Shoptalk - Charla Ray

What aspects of your background and upbringing have shaped your design principles and philosophies?

I grew up on a Montana farm and ranch. The home I spent most of my childhood in was a fixer, and we improved it over time. That house was short on usable space, so I do think it shaped a philosophy of maximizing functionality and organization. I’ve always had an innate desire to make things beautiful. Now I know that a great design does not sacrifice function to have beauty, or sacrifice beauty to have function. It’s a balance.

What was the “lightbulb” moment when you realized you wanted to pursue interior design?

I was interested in architecture but playing basketball for Montana State. I was advised against combining the two. After graduating with a business degree, I started selling real estate. We were matching buyers with fabulous rural parcels we had listed, and then facilitating with high end builders we had relationships with. So, I had a lot of exposure to the building process, and very organically clients started asking more and more for my input. I loved the combination of design and helping people, and I was starting to realize that the ability to envision and understand space was intuitive to me, but an enigma to most. I decided to go back to school and get a second bachelor’s degree (in interior design) at The Art Institute of Portland.

How do you describe your design style?

I want people to feel content and at ease in every space I design. My design style is very much client driven. My objective is to create something that speaks to them and relates to the vernacular of the neighborhood, architecture, etc. My personal design style is clean lined, textural, and layered. I think these elements are commonalities in my projects.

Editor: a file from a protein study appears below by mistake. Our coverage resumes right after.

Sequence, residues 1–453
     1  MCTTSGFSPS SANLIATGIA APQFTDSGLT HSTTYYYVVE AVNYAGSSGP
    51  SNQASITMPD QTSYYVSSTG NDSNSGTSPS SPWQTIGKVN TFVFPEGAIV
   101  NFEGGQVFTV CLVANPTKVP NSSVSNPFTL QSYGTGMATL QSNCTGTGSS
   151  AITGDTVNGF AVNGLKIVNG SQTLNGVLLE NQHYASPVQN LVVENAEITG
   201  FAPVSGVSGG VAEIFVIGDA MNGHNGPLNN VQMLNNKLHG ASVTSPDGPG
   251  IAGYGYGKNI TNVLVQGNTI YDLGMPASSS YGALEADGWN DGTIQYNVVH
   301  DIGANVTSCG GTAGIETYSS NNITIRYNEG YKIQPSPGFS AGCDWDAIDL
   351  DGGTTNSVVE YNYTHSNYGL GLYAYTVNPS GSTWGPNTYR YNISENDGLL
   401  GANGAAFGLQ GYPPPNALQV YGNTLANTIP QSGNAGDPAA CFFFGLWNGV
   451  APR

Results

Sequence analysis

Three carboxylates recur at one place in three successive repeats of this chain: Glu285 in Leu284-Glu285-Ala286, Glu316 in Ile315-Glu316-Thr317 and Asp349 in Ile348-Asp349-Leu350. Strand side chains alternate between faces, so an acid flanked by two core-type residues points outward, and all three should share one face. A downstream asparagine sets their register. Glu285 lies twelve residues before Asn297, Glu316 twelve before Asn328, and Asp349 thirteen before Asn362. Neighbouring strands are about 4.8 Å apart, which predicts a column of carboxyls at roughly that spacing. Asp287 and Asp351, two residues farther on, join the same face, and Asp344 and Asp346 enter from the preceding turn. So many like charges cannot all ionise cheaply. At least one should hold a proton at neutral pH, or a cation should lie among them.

How do you stay inspired?

I stay inspired by going to design furnishing markets like High Point and Las Vegas. The Kitchen and Bath Industry Show (KBIS) is amazing, and I try to go every year. I’m also inspired by nature. Right now (Fall) the leaves and landscape are just brilliant.

Favorite design or architectural detail of your childhood home?

The fixer home I referenced above was an A-frame with 30' high wood tongue and groove ceiling, and wall of windows, plus a giant rock fireplace. The house was fraught with space planning issues from the original builder, but I came away with a love of volume, natural light, and natural materials.

Do you have a dream project, or location where would you like

to work?

Working on a home at the Yellowstone Club, which is an amazing exclusive community outside of Bozeman, MT.

In your opinion, what is the most fundamental element of interior design? Where do start on a new project?

I think it is the relationship between the home and the people using the space. A new project starts with a lot of conversation with the clients and understanding them, thinking about how they live and how to design a space to really support them. I’m looking at it from the standpoint, “ok, I know it’s going to be beautiful, but how can we make this a space that really rises up to meet you.” Again, that balance of beauty and function.

Your work has been featured in Better Homes and Gardens, on Portland’s Tour of Remodeled Homes, and on numerous blogs and social media platforms, are there any recognitions you are most proud of?

Being featured in a beautiful magazine like Portrait Magazine is certainly a great honor. I think the recognition I’m most proud of is that which comes from clients. Not just in the form of repeat and referral business, but more importantly, it’s the lasting friendships.

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